BMC Software Inc. Wednesday introduced three partners with which it will work on developing products and services for its Business Service Management (BSM) initiative, a strategy aimed at better tying IT services to business objectives.
Executives from security technology developer Symantec Corp., storage vendor EMC Corp., and services firm Accenture Ltd. joined BMC CEO (chief executive officer) Bob Beauchamp at a New York event to discuss the work they will do together to offer their customers tightly integrated products that can be used for end-to-end IT infrastructure management and monitoring.
Symantec will work with BMC on unifying technology for managing an organization's IT systems, network, storage and security, according to Symantec CEO John Thompson. EMC CEO Joe Tucci said his company will focus on SLAs (service level agreements) in its work with BMC, aiming to give customers complete control over adjusting their IT components to meet varying service-level needs. Accenture is teaming with BMC on quick-start programs to let customers rapidly implement BSM products and methodologies, managing partner Andre Hughes said.
Houston-based BMC began speaking about its BSM initiative six months ago, when it laid out plans for integrating software it acquired through its purchases of help desk and management software makers Remedy and IT Masters. Those buyouts were intended to fill in foundational technology pieces BMC felt it needed for its BSM strategy, according to BMC Director of Business Development Johnny Ola.
"Those acquisitions weren't opportunistic. We had a clear roadmap in place for over a year," he said. "We didn't want to announce it until we had the building blocks in place."
With the products now in its portfolio and the partnerships it just announced, BMC now has everything ready to begin helping clients implement its vision of tightly linked IT and business operations, executives said at Wednesday's gathering. The focus of BSM, they said, is to eliminate the component-focused way of handling IT common at many organizations in favor of an approach that emphasizes organizations' business needs and aligns IT pieces behind them.
Two customers speaking at the event said BMC's approach echoes changes that were already under discussion in their own enterprises.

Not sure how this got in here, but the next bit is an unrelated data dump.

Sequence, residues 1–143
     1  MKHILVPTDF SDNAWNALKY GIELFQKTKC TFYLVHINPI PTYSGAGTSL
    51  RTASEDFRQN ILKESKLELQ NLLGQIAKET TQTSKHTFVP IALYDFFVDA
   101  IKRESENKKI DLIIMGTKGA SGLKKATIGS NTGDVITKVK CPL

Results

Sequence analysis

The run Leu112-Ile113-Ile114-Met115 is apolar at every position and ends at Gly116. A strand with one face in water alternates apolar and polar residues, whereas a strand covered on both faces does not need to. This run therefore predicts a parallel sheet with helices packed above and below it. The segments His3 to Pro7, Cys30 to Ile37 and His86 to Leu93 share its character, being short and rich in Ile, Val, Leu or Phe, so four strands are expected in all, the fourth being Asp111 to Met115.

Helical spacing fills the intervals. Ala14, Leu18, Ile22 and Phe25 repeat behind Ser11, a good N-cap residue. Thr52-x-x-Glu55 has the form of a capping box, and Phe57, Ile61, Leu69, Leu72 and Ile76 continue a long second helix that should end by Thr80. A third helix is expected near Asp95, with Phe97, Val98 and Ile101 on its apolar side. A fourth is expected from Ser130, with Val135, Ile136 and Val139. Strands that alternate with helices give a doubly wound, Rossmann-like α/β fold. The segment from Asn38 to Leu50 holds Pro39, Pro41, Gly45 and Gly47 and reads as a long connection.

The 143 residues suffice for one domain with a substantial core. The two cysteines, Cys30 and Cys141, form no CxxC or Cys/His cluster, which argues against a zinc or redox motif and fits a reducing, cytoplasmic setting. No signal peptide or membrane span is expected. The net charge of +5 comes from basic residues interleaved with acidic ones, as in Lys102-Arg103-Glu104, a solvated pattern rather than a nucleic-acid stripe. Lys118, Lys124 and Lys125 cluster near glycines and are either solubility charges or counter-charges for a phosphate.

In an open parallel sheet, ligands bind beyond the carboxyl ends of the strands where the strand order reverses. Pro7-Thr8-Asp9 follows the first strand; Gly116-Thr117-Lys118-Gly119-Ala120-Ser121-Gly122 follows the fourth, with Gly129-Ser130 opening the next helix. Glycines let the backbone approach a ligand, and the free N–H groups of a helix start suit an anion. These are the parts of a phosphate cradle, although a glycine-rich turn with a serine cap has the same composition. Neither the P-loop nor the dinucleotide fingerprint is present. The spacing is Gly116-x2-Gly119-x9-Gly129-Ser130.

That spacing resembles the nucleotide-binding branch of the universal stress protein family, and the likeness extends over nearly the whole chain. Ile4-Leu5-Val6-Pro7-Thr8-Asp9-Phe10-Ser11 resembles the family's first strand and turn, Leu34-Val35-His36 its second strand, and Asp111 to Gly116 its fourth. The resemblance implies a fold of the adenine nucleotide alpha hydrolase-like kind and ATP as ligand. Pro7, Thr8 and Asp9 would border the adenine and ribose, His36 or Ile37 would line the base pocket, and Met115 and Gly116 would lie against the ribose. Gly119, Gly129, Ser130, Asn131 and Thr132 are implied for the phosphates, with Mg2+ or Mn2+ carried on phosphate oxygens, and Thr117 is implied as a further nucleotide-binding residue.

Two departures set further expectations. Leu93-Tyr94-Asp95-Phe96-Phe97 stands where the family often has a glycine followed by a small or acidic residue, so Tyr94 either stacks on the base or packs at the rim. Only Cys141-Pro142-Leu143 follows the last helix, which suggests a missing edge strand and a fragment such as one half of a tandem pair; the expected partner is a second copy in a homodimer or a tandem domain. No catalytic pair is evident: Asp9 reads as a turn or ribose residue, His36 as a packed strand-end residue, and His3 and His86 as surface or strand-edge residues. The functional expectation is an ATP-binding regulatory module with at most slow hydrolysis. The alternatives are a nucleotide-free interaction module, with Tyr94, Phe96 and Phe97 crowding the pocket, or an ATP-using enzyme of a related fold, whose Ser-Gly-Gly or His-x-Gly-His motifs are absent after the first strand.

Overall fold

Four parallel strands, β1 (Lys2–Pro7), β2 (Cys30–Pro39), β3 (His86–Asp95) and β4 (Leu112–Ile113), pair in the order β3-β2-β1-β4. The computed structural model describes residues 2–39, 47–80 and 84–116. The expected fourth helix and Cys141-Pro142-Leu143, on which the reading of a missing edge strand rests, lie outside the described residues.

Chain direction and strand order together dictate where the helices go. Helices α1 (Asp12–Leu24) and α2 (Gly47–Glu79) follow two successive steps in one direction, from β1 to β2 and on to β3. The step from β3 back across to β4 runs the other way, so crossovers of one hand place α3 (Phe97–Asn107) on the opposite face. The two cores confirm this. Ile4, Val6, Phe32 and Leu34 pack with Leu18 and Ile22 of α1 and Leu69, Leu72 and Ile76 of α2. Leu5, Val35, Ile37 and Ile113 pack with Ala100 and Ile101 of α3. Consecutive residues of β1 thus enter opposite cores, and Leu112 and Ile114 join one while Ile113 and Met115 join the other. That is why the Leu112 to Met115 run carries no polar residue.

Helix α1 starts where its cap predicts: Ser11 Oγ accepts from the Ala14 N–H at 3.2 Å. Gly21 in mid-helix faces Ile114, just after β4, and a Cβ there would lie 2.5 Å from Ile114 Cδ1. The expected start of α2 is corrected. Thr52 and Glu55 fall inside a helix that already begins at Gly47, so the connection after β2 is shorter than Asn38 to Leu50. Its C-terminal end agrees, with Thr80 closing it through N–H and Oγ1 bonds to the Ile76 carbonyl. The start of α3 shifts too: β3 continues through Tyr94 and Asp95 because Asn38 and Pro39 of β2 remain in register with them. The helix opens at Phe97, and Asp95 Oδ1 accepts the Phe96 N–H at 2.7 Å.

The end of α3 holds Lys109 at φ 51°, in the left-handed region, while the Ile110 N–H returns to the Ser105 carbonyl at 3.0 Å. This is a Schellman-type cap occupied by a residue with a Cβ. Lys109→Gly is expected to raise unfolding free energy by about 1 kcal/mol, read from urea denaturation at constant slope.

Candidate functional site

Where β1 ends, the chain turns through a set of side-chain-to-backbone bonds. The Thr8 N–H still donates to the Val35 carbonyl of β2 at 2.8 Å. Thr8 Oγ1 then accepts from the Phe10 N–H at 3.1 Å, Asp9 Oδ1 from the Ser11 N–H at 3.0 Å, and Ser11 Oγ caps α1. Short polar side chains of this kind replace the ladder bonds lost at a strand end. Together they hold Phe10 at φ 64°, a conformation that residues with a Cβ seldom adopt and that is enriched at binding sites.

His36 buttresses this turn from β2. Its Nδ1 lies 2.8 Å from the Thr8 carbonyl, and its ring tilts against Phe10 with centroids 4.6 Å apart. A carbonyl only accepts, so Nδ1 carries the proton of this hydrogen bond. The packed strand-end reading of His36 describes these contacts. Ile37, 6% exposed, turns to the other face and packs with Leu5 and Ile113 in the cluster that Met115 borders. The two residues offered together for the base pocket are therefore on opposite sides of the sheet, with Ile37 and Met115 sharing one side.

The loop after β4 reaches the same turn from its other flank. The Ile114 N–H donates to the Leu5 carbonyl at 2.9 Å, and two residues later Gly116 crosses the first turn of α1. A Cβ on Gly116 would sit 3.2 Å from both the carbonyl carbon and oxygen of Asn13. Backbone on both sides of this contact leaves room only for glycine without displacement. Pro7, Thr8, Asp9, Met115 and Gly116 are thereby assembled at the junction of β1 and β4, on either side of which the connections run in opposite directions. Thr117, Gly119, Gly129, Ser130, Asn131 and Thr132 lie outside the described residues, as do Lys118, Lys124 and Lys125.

"We knew we needed to change the way we looked at our connection to the business and move from the notion of managing elements to turn IT into something more tangible, like managing services," said Lee Adams, vice president of service management and delivery for Hospital Corporation of America Inc. (HCA), a Nashville, Tennessee, hospitals operator.
HCA traditionally relied on IT mainly for billing processing, he said. Now, it's seeking to more actively use IT in its facilities' daily operations -- for example, by developing an automated system for dispensing medications, using barcode scanners and wireless handheld computers to ensure that patients are receiving the proper medications at the correct time and dosage.
"My priority is getting us aligned to the business, really getting folks to understand why they're there. It's not just to install servers and applications. It's to enable something for the business," Adams said.
U.K.-based conglomerate Centrica PLC has also been examining ways to better utilize technology to aid its diverse collection of businesses. BMC's message about its BMS vision resonated with Centrica, according to program manager Matthew Burrows.
"The way I see it, BMS is a philosophy. It's an approach to delivering IT services to the customer," he said. "It has great synergies in what we were talking about and the way we thought we needed to go. Hearing that message coming out of BMC gave us a lot more confidence."
One project underway at Centrica is an initative to automate troubleshooting tasks, using BMC's Patrol software and several third-party applications, including Hewlett-Packard Co.'s OpenView Service Desk, Burrows said.
"Instead of people sitting around monitoring consoles, we now have the system automatically raise the trouble ticket," he said. "It generates the trouble ticket, which is sent to the service management center, where the business impact of that is immediately assigned and understood. We can diagnose a lot quicker and resolve the ticket more quickly than we could have done before, resulting in greater uptime."
BMC has been tailoring its product portfolio to better meet its BSM goals, executives said. The company announced Wednesday a new release of its Service Impact Manager software, adding to the event management application a new Web interface with executive dashboard and role-based reporting options. BMC also announced plans for Patrol support in Siebel Systems Inc.'s Universal Application Network integration architecture.